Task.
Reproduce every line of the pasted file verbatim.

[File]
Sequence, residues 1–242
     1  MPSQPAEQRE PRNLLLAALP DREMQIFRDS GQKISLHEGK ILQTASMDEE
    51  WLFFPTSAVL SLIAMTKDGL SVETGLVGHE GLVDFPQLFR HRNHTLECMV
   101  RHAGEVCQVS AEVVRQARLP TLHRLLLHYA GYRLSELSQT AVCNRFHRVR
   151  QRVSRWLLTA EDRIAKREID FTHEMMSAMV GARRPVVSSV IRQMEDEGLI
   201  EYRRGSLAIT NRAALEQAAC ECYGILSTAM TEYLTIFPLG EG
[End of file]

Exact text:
Sequence, residues 1–242
     1  MPSQPAEQRE PRNLLLAALP DREMQIFRDS GQKISLHEGK ILQTASMDEE
    51  WLFFPTSAVL SLIAMTKDGL SVETGLVGHE GLVDFPQLFR HRNHTLECMV
   101  RHAGEVCQVS AEVVRQARLP TLHRLLLHYA GYRLSELSQT AVCNRFHRVR
   151  QRVSRWLLTA EDRIAKREID FTHEMMSAMV GARRPVVSSV IRQMEDEGLI
   201  EYRRGSLAIT NRAALEQAAC ECYGILSTAM TEYLTIFPLG EG